With mountains, grasslands, canyons, lakes and desert, Texas has tons of landscapes to explore. If you want to do that exploring on your feet, we have just the thing. Well; 9 things actually.
With a mix of data from personal experience and recommendations from friends and colleagues who have spent time hiking in the state, here are the 9 recommended hiking trails in Texas.
1. East Trail at Lost Maples State Park
Distance: 3.1 miles
Elevation gain: 400 feet
The East Trail at Lost Maples State Park came up a few times when we were collecting suggestions for this list, mainly as a tough one day hike. The hike itself isn’t that long but the climb of almost a mile with 400 feet elevation gain is.
In return, you’ll get to see creeks, woods, flatland, hills, cypress and sycamore trees, the Sabinal River, rock faces and some amazing views of the surrounding countryside once you gain elevation.
2. The Window Trail, Big Bend National Park
Distance: 5.5 miles
Elevation gain: 900 feet
The Window Trail is set in Big Bend National Park and includes the Chisos Mountains. It’s a popular route, especially in summer that follows Oak Creek Canyon before turning off to The Window.
The Window is where things become rocky and slightly more challenging before reaching the drop off at the top. You’ll get to see lots of desert vegetation, some cool rock formations and some epic views from the summit.
3. Spicewood Springs Trail at Colorado Bend State Park
Distance: 2.5 miles
Elevation gain: 30 feet
The Spicewood Springs Trail is located at Colorado Bend State Park, not far from Austin. The park is huge, with a number of trails within it that cover canyons, woodland, rivers and scrub.
The Spicewood Springs Trail starts in Spicewood Springs Creek and follows the creek floor through shaded areas before heading into a canyon alongside a creek. It’s a peaceful hike, where you’ll be alone most of the time regardless of how many people are around.
4. Caprock Canyons State Park Trailway
Distance: 64.2 miles
Elevation gain: 1130 feet
The Caprock Canyons State Park Trailway in Briscoe County is another popular place to hike in Texas. It’s just over 64 miles long but can be broken down into much shorter hikes or hiked over multiple days.
The park is huge and open to all so you’ll see horses, mountain bikers and other hikers regularly. The area is full of trails and you’ll need to pay to use them, but otherwise you’re free to roam or hike as you see fit over the well-kept, mostly flat trails.
5. Pine Ridge Loop, Caddo Lake State Park
Distance: 1.2 miles
Elevation gain: 20 feet
Caddo Lake State Park is on the border of Texas and Louisiana and is an amazing place to visit. Its wetlands are full of cypress trees, moss, shallow water and some hiking trails on higher ground throughout the park.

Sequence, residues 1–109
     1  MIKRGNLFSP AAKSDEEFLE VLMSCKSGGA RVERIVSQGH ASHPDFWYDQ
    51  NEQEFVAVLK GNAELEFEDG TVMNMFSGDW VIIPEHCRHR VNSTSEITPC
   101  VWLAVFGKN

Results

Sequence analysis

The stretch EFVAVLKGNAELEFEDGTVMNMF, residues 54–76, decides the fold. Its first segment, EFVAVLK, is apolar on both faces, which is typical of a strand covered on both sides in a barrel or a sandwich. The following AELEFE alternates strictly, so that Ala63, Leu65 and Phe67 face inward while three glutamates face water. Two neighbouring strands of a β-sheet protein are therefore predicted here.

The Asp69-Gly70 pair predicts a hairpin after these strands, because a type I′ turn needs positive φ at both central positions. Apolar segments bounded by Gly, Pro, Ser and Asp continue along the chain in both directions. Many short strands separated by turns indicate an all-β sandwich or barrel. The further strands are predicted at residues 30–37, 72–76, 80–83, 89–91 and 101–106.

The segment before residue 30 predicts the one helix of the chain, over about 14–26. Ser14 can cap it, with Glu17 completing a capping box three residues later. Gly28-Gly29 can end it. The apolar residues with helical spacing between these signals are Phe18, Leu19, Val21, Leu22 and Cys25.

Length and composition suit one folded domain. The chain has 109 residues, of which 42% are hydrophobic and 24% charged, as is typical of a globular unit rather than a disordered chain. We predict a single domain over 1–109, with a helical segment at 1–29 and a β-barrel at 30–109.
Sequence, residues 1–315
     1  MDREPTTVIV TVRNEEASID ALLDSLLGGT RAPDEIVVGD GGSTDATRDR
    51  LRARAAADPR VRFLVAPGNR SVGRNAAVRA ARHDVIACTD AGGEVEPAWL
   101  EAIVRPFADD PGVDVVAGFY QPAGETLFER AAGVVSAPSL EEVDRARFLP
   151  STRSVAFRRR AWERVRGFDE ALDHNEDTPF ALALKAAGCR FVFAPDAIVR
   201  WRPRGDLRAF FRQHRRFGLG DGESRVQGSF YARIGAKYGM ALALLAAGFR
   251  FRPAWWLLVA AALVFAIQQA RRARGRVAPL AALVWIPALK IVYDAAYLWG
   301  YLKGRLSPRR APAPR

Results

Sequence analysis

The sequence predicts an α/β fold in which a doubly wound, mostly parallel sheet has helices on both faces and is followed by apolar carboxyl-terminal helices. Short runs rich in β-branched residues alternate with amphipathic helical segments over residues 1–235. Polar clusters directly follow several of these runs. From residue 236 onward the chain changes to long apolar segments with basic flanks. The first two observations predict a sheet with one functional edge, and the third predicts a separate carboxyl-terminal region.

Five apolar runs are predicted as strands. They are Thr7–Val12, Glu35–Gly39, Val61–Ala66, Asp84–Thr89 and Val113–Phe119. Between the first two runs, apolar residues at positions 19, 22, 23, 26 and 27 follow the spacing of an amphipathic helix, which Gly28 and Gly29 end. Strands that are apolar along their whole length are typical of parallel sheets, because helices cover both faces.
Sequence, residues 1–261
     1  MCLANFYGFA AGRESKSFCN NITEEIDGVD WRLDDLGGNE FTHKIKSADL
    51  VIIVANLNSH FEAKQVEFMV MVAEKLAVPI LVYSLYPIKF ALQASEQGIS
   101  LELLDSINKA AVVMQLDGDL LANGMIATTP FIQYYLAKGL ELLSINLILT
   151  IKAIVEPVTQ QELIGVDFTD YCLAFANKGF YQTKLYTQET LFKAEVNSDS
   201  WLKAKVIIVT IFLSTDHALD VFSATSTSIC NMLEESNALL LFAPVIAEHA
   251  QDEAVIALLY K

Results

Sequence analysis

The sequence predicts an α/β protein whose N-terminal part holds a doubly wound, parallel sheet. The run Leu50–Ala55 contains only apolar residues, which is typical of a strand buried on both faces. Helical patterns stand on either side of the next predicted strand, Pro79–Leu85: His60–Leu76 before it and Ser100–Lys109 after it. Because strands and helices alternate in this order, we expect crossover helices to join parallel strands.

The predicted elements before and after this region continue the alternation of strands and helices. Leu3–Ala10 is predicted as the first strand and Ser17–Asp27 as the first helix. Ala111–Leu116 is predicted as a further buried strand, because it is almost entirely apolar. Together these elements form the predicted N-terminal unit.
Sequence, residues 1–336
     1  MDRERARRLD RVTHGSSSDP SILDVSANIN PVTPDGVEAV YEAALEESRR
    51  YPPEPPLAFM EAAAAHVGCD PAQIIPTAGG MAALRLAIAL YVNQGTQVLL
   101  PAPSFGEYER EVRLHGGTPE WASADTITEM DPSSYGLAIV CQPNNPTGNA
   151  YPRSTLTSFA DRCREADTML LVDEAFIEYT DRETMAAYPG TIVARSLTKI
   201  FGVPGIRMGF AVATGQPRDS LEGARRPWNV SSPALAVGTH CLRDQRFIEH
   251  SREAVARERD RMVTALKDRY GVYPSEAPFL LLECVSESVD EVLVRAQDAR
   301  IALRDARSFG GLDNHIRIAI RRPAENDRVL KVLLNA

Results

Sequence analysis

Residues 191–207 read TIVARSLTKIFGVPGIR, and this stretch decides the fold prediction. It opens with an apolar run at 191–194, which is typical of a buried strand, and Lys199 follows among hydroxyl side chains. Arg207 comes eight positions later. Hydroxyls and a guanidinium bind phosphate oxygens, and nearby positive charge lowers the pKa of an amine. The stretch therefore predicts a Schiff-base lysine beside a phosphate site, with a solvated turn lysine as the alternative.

Pine Ridge Loop is a relatively short trail at just over a mile but can be joined with other trails to go much further. The terrain is largely flat and easy going and is popular for its peace and quiet as much as for the unique surroundings.
6. Bentsen Rio Grande Valley Loop Trail
Distance: 4.4 miles
Elevation gain: 1130 feet
The Bentsen Rio Grande Valley Loop Trail came up a lot in our discussions. It’s inside Bentsen-Rio Grande Valley State Park close to Mission, Texas. The park is birders paradise and overall very popular with visitors, but it’s the trail we’re interested in.
The trail has a couple of sections, with 1.8 miles of it being wheelchair accessible. The rest is well-laid trail that takes in the lake, wetland and lovely green surroundings.
7. Lost Mine Trail, Big Bend National Park
Elevation gain: 1110 feet
Lost Mine Trail is within the huge 8,000 acre Big Bend National Park near Terlingua, Texas and takes in the mountains and desert surroundings. The park is very popular and this trail is a local highlight, so expect to see plenty of people.
The trail can be rocky and covers a lot of ground from the desert floor to rocky hills. It’s a very rewarding hike and provides some amazing scenery, especially towards the end.
8. South Rim Trail in Big Bend National Park
Distance: 12.6 miles
Elevation gain: 2800 feet
Difficulty: Moderate/ Difficult
Staying in Big Bend National Park, we also recommend the South Rim Trail. It’s more challenging than the Lost Mine Trail but no less enjoyable. It’s hard in places, especially the climbs, so be prepared.
You’ll begin in Chisos Basin before climbing up to South Rim with its spectacular views of the Chihuahuan Desert. Continue up to Emory Peak and sit and spend time enjoying the epic views before working your way back.
9. Devil’s River State Natural Area Trail
Distance: 20 miles
Elevation gain: 1130 feet
The Devil’s River State Natural Area Trail is a type of wild Texas you don’t usually get to see much of. It’s made up of crystal clear rivers, rocky ridges, canyons and brushland and feels different to a lot of other places.
The loop trail begins at a car park with a 1 mile hike to Devil’s River where you can take a dip, kayak or turn off and keep walking. The wide trail goes on for a while and can cover ridges, historic buildings and end at the spring. Depending on the time of year, there may be a little paddling involved so be aware.
What are your favorite spots to hike in Texas? Tried any of these trails? Tell us about it below.